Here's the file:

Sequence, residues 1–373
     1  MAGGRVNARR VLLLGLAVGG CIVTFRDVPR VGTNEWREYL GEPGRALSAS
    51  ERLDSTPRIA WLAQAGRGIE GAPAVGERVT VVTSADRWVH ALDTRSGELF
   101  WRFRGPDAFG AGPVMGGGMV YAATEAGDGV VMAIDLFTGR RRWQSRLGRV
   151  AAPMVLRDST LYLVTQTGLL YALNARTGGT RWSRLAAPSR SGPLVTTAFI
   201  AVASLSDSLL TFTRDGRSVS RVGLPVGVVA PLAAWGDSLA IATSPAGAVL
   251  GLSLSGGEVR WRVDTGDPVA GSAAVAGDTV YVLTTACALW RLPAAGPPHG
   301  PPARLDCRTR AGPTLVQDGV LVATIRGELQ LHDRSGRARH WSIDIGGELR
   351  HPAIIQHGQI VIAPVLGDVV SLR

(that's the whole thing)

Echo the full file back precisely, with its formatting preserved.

Sequence, residues 1–373
     1  MAGGRVNARR VLLLGLAVGG CIVTFRDVPR VGTNEWREYL GEPGRALSAS
    51  ERLDSTPRIA WLAQAGRGIE GAPAVGERVT VVTSADRWVH ALDTRSGELF
   101  WRFRGPDAFG AGPVMGGGMV YAATEAGDGV VMAIDLFTGR RRWQSRLGRV
   151  AAPMVLRDST LYLVTQTGLL YALNARTGGT RWSRLAAPSR SGPLVTTAFI
   201  AVASLSDSLL TFTRDGRSVS RVGLPVGVVA PLAAWGDSLA IATSPAGAVL
   251  GLSLSGGEVR WRVDTGDPVA GSAAVAGDTV YVLTTACALW RLPAAGPPHG
   301  PPARLDCRTR AGPTLVQDGV LVATIRGELQ LHDRSGRARH WSIDIGGELR
   351  HPAIIQHGQI VIAPVLGDVV SLR